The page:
System and element are two of the core concepts of this ontology. Both are concepts that are often used by practitioners, including the notion that systems have elements and that systems can be hierarchically combined (systems of systems). What differs from domain to domain is the specific nature of systems and elements; for instance, an electrical system has very different kinds of elements than an SOA system.
In the ontology only elements and systems within the SOA domain are considered. Some SOA sub-domains use the term component rather than the term element. This is not contradictory, as any component of an SOA system is also an element of that (composite) system.
This chapter describes the following classes of the ontology:
In addition, it defines the following properties:
<owl:Class rdf:about="#Element"> </owl:Class>
An element is an opaque entity that is indivisible at a given level of abstraction. The element has a clearly defined boundary. The concept of element is captured by the Element OWL class, which is illustrated below.
The Element Class
In the context of the SOA ontology we consider in detail only functional elements that belong to the SOA domain. There are other kinds of elements than members of the four named subclasses (System, HumanActor, Task, and Service) described later in this ontology. Examples of such other kinds of elements are things like software components or technology components (such as Enterprise Service Bus (ESB) implementations, etc.).
<owl:ObjectProperty rdf:about="#uses"> <rdfs:domain rdf:resource="#Element"/> <rdfs:range rdf:resource="#Element"/> </owl:ObjectProperty> <owl:ObjectProperty rdf:ID="usedBy"> <owl:inverseOf> <owl:ObjectProperty rdf:ID="uses"/> </owl:inverseOf> </owl:ObjectProperty>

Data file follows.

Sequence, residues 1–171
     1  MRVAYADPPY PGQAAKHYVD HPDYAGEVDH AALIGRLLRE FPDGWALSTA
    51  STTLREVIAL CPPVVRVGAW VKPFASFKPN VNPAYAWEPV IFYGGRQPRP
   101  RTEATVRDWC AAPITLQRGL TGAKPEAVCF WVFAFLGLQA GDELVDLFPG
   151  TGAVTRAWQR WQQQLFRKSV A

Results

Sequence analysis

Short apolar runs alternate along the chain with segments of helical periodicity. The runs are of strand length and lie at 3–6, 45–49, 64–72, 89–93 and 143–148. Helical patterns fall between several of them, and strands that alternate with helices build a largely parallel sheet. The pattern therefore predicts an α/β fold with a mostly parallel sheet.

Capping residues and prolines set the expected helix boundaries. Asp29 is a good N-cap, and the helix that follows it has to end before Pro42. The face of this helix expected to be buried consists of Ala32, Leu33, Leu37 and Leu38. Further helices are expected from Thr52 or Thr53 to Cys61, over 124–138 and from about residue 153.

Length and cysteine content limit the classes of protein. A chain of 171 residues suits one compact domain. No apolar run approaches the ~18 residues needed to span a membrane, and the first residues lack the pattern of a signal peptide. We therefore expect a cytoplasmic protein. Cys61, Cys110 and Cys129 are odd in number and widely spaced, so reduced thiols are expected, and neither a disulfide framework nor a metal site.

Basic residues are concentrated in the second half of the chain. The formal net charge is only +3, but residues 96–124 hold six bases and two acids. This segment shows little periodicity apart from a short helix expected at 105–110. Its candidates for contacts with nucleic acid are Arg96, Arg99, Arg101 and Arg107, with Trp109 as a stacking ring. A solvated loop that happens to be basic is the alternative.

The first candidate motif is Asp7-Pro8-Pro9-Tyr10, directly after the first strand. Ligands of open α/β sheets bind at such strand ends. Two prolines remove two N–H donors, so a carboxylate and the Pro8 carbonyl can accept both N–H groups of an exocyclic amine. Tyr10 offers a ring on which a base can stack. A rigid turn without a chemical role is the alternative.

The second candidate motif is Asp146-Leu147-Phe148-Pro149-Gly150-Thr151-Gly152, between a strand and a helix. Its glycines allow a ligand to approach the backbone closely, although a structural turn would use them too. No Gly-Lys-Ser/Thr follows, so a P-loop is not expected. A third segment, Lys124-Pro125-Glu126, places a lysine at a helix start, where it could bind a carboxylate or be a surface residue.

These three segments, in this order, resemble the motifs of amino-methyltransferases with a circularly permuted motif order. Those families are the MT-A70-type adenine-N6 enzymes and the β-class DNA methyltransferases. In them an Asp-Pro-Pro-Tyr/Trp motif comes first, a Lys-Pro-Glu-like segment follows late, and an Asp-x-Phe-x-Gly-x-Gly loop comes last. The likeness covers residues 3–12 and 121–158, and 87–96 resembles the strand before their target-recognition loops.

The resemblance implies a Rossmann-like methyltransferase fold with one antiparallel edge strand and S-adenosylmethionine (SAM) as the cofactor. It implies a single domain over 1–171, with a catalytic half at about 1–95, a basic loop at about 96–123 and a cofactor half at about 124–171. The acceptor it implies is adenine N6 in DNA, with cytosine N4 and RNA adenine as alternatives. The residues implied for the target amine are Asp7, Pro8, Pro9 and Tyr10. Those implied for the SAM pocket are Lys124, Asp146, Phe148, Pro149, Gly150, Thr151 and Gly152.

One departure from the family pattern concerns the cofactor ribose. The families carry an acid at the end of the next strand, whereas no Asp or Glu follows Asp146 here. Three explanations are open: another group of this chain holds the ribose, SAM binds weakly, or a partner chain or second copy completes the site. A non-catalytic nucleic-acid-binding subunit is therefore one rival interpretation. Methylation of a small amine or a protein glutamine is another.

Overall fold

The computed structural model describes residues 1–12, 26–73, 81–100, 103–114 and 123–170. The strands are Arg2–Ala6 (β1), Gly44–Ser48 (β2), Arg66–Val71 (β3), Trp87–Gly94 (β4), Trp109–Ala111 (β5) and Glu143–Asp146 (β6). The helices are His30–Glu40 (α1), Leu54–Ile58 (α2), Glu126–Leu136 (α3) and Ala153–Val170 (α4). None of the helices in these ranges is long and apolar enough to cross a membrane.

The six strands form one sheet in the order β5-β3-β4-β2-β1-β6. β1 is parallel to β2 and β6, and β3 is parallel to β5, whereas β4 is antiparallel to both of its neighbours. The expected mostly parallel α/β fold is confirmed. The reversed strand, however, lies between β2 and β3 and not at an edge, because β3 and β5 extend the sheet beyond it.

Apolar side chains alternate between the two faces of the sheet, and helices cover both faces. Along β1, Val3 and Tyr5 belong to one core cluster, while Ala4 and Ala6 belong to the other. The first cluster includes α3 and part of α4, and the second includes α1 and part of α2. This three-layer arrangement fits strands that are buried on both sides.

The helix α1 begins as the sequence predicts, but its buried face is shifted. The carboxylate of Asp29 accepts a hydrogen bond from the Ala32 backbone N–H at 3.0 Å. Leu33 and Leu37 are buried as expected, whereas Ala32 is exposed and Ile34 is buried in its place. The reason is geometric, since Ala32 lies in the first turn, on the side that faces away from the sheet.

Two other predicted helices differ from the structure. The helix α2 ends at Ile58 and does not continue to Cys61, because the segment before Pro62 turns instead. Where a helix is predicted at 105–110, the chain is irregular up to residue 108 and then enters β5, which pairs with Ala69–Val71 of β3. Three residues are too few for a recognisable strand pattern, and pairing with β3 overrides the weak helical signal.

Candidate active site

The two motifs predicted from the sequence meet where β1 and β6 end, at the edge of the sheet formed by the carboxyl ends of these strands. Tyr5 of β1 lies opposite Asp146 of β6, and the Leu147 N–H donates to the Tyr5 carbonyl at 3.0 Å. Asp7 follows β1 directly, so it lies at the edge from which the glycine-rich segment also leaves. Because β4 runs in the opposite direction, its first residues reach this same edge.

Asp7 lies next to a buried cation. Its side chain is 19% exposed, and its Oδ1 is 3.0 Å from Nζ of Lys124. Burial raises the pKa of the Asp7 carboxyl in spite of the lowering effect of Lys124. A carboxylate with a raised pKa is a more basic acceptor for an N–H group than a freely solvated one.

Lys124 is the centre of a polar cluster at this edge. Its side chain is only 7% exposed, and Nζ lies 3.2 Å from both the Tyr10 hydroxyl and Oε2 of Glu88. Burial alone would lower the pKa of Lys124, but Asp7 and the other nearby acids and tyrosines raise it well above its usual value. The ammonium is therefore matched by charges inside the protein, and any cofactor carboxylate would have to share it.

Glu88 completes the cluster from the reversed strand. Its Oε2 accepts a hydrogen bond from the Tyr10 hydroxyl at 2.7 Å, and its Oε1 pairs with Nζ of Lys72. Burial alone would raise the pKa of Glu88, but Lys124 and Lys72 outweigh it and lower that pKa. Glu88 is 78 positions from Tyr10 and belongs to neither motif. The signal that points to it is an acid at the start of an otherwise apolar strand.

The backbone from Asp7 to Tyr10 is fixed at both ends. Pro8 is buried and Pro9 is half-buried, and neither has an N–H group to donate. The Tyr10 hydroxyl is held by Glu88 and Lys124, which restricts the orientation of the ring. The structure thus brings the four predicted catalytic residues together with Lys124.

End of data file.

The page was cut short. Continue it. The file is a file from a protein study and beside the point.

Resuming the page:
Elements may use other elements in various ways. In general, the notion of some element using another element is applied by practitioners for all of models, executables, and physical objects. What differs from domain to domain is the way in which such use is perceived.
An element uses another element if it interacts with it in some fashion. Interacts here is interpreted very broadly ranging through, for example, an element simply being a member of (used by) some system (see later for a formal definition of the System class), an element interacting with (using) another element (such as a service; see later for a formal definition of the Service class) in an ad hoc fashion, or even a strongly coupled dependency in a composition (see Section 5.2 for a formal definition of the Composition class). The uses property, and its inverse usedBy, capture the abstract notion of an element using another. These properties capture not just transient relations. Instantiations of the property can include “uses at this instant”, “has used”, and “may in future use”.
For the purposes of this ontology we have chosen not to attempt to enumerate and formally define the multitude of different possible semantics of a uses relationship. We leave the semantic interpretations to a particular sub-domain, application, or even design approach.
Using an organizational example, typical instances of Element are organizational units and people. Whether to perceive a given part of an organization as an organizational unit or as the set of people within that organizational unit is an important choice of abstraction level:
This simple example expresses that some elements have an internal structure. In fact, from an internal perspective they are an organized collection of other simpler things (captured by the System class defined below).